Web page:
Both weeks were fully booked, a great way for me to end 11 years' involvement with the Mon&Brec. Two great teams resulted. It would take up too many words if I was to acknowledge in detail each of those fantastic 35 volunteers — everyone without exception was committed to the success of the camps, worked hard and effectively, learned fast, was good-humoured and was a pleasure to work with. We had a wide age range from half a dozen 18 and 19 year-olds upwards to several, just as energetic, enjoying their eight decade! Again, the Duke of Edinburgh Gold Award candidates all earned their residential experience colours with aplomb.
I must however thank my Assistant Leaders — Dave Burdett and Rachel Harvey, and my cooks — Ann-Marie Burdett and Bev Williams for their starring roles. And my old hands — Ben Thompson, Shifani Passap and Filippo Zaraga — were again at the centre of things.
A last look
We first tidied the previously excavated area, then extended it in two directions (see sketchplan below). To the south we found the “path” that ran from the south-west corner of the cottage extended almost to the edge of the east-west right of way that crosses the canal below Shop Lock. At the south-west corner of the cottage we found that a drain that was (presumably) connected to the glazed pipe running beneath the passage was also joined by a drain along the (destroyed) south wall created from reused land drain pipes (Figure 6). A quick look at the rounded feature that had destroyed most of the south wall and the main room floor showed that it was a deep pit filled with rubble and modern rubbish. It was not excavated further.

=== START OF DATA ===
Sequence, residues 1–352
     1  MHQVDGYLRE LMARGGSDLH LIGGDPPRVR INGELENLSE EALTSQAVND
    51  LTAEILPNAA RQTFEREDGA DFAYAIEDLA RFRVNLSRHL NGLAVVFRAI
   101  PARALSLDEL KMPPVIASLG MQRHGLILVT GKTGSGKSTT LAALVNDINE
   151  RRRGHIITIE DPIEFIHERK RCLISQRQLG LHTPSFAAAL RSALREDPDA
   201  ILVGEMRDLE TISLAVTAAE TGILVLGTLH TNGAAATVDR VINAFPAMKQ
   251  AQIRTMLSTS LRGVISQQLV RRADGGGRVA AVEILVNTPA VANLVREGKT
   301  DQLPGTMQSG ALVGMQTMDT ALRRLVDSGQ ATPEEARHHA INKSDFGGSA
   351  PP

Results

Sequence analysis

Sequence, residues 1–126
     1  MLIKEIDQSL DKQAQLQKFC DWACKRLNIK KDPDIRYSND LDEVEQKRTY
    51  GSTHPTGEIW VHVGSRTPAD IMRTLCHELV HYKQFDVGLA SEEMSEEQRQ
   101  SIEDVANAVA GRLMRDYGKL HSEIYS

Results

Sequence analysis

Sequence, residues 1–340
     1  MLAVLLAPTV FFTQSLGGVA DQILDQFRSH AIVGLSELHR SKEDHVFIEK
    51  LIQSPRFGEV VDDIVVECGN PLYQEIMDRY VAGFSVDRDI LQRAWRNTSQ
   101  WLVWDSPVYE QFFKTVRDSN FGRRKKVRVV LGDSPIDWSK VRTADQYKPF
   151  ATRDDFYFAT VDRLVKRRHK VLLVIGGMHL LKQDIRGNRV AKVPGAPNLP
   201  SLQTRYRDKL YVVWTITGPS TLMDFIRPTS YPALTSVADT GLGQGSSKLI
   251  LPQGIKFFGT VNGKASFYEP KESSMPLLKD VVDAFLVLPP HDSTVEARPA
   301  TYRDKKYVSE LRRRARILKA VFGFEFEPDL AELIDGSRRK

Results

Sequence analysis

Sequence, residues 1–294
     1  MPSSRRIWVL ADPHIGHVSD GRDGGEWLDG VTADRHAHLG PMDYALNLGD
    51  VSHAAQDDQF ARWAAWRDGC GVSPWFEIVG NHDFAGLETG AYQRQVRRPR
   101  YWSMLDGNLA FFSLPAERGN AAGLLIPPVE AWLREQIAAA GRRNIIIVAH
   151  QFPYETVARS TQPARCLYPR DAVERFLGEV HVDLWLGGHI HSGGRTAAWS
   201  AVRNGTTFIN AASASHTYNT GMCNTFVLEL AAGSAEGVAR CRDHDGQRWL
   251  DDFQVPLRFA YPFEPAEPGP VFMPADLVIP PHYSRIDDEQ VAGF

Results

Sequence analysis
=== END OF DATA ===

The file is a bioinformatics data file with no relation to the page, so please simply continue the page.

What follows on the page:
To the east we excavated the extent of the brick and cement surface outside the east wall of the cottage (Figure 7), which ran over the bywash culvert, and were rewarded with vague indications of the position of a small structure, perhaps the privy. Having run out of time, we left further investigation of this area, which was damaged by tree roots, to a future project.